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Sometimes a startup has a great idea, but doesn’t time a major product launch or marketing push well. Unfortunately, it may only take one ill-timed move to cause the startup to fail, if investors get wind of the poor decision-making and decide to bail.
Some ideas have just been ahead of their time, like Google precursor Ask Jeeves or grocery delivery service WebVan. The concepts were great, but not enough people saw the need for the service, or it just seemed too “out there” because nothing else like it existed yet.
Other ideas have been poorly marketed from a timing perspective, such as launching a holiday-themed marketing campaign after the holidays or trying to do a major product launch without building any buzz around the product first.
Another reason for startup failure is simply running out of money. Most startups rely on investors and venture capitalists to fund them until their product or service starts making money, and if that doesn’t happen fast enough, investors often balk at continuing to fork over cash for an extended period of time.
If the startup doesn’t make sufficient efforts to find new capital as the original capital dries up, it will soon find it can’t meet operating expenses under the business model envisioned.
Cash flow problems are extremely common among startups, and are one of the top reasons for startups to shut down. Even if the problem isn’t investors backing out, new businesses can fail if they don’t meet customers’ needs or if their pricing is too high or too low.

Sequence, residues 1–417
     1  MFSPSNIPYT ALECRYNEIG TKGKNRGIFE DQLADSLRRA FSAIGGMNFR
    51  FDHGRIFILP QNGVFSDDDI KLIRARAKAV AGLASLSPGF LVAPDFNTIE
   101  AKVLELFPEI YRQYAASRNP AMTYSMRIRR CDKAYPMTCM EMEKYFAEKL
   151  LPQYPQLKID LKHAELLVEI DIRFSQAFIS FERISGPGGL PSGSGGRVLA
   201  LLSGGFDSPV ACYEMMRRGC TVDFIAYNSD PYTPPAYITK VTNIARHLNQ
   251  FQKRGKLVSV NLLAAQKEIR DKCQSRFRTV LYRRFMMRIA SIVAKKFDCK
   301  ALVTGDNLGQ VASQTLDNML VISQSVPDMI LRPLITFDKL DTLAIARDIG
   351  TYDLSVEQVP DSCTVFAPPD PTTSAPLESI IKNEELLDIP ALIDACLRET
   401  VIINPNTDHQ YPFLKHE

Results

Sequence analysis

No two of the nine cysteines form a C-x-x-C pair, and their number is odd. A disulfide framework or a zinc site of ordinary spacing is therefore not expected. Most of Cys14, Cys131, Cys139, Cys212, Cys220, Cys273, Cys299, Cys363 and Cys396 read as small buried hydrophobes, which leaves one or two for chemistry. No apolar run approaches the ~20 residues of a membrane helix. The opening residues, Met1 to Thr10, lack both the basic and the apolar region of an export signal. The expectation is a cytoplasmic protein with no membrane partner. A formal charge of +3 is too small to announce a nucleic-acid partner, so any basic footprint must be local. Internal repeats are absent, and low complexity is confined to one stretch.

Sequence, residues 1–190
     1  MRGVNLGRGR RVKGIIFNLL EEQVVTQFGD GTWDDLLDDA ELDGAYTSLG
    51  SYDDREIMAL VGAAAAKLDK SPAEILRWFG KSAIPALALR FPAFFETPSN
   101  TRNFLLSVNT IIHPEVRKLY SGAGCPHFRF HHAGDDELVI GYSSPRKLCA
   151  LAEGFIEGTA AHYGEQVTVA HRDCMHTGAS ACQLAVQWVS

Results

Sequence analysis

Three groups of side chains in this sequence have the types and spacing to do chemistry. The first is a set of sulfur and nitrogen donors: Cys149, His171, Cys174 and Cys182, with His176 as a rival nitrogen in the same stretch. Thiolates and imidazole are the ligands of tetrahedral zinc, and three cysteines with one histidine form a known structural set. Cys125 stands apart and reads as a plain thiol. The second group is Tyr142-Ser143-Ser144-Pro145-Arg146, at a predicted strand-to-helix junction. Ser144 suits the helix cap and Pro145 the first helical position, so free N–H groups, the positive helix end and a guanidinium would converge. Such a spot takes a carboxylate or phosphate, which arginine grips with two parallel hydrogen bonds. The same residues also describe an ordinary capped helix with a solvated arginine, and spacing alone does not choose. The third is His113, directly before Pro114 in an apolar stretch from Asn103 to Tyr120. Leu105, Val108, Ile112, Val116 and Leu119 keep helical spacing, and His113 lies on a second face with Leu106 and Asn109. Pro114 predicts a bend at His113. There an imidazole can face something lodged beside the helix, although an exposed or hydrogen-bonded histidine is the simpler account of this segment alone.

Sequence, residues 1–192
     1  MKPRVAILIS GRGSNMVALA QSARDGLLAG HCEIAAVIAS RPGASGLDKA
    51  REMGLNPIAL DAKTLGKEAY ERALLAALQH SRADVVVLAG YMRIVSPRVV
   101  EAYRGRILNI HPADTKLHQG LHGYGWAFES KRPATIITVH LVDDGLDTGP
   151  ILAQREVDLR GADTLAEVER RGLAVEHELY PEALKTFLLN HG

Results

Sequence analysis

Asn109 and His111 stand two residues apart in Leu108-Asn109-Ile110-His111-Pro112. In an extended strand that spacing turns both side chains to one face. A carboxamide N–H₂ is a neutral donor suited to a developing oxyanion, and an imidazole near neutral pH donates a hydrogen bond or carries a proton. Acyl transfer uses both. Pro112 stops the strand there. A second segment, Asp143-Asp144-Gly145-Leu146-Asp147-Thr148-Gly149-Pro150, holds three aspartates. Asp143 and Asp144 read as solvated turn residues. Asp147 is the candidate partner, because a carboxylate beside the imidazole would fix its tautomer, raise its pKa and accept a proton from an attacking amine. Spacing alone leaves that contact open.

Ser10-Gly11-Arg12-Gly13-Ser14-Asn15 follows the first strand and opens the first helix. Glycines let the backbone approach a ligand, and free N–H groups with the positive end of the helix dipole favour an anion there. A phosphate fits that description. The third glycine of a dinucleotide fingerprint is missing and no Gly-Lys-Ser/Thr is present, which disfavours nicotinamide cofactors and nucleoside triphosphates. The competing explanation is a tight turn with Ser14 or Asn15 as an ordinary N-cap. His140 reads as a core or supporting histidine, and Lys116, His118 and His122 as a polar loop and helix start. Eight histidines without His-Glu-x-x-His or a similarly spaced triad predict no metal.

Having a business plan is Startup 101, and just about everyone knows you’re supposed to have one in the early-stages of any small business. But just because you have a business plan doesn’t mean it’s a good one.
A flawed business plan doesn’t take into account factors that later become important, and can cause business failure rather than startup success. Some common business plan flaws include being too vague, miscalculating costs, underestimating timelines for production or marketing, and getting key facts wrong when researching the market, as stated above.
You don’t have to go to Harvard Business School to make a successful business plan, but it does help to get assistance from those with real-world experience who may be able to point out your flaws so you can correct them sooner rather than later.
Entrepreneurship only works when startups can hire the right people for their venture. While some characteristics of good employees are fairly universal, such as people skills, perseverance, and the ability to problem-solve, you may need more specialized skills for some positions if you want to be one of the startup success stories people hear so much about.
Most successful startups will credit their team for much of their success because unique people with creative ideas are better at figuring out how to make things work in the best possible way. The personality and character of your top team members is often reflected in the organization in crucial ways.